The Chain is a major body of work that has featured at the Venice Biennale (2001), the Sao Paulo Biennale (2002) and at the International Center of Photography in New York (2003). Chang’s work has also featured in exhibitions at MOMA Contemporary Inc, (Fukuoka, Japan), Taipei Fine Arts Museum, (Taipei, Taiwan), Queens Museums of Art, (New York), Bibliotheque Nationale de France, (Paris), and the Metropolitan Museum of Photography, (Tokyo).

Anne Ferran
As a photographer and installation artist, Anne Ferran has been exploring the confluence between history and photography, memory and identity. The artist focuses her attention on marginal spaces, and those who may have been excluded or overlooked in the ‘grand narratives’ of history. Her projects have involved visually excavating the sites and material belongings that women and children once occupied or possessed.

The works in Still Present reflected Ferran’s ongoing interest in these histories and in the stories embedded in museum objects and archives. These images are drawn from photographs of female patients taken in 1948, at Gladesville Hospital that was once a psychiatric institution in Sydney. Ferran discovered these images in a library’s archive, and apart from these extant photographic records, the patients’ names, and their admission and exit dates (if they did in fact leave), there was no further information made available to the artist about these women.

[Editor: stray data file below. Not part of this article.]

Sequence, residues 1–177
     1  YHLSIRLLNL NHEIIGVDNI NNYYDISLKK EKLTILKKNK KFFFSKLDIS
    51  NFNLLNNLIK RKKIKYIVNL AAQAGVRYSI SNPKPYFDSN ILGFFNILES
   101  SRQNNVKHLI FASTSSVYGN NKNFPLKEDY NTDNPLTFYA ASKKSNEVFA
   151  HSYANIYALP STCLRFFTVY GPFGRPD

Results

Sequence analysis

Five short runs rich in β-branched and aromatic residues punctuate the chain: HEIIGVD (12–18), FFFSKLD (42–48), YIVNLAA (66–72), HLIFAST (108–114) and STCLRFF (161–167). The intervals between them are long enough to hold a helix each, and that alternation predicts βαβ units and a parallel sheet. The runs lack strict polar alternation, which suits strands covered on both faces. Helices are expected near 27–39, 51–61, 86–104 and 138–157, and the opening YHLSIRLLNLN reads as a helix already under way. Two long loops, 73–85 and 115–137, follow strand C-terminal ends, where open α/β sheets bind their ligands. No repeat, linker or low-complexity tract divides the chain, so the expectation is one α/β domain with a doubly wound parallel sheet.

Through the processes of photographic reproduction, the artist has given these anonymous individuals a presence. In 1-38, Ferran re-photographs and crops these images of female patients, drawing attention to their gestures and clothing. In Book 1: 1-38 and Book 2: 1-38, Ferran creates composite images of the women’s faces so that their expressions become barely discernable to the viewer. These images, along with Any Body, reveal and commemorate the lives of these women.

Anne Ferran’s work has been exhibited in major exhibitions and galleries internationally including at the National Museum of Australia (Canberra), Dunedin Public Art Gallery (Dunedin), Australian Centre for Photography (Sydney), Cité Internationale des Arts (Paris), The Ian Potter Centre: NGV Australia (Melbourne), Art Gallery of New South Wales (Sydney) and at the Serpentine Gallery (London).

Jono Rotman
Jono Rotman’s series entitled Chambers is the culmination of a three-year investigation into the unoccupied spaces of psychiatric hospitals and prisons in New Zealand.

Chambers was created during 2000 – 2004, when Rotman travelled throughout New Zealand photographing psychiatric institutions and prisons that had been abandoned following the de-institutionalisation of mental health care in New Zealand.

In this series, Rotman focused his lens on traces of human presence in these otherwise vacant, alien and clinical spaces. The photographs reveal stark, utilitarian interiors where signs of human life and domesticity are captured in graffiti scratches and personal detritus. These images highlight the mundane and highly regulated lives of those who inhabit these personalised, visceral spaces, in which spatial hierarchies and sanitised uniformity compete with the need for human expression.

Rotman has exhibited his photographic work in New Zealand and Australia and has also practiced as a commercial photographer over the past decade. During this time he has been awarded some of the most prestigious prizes in the industry, including the Epson Advertising Photographer of the Year (2002) and the Axis Advertising Awards Supreme Award (2002).

Curated by Sophie McIntyre.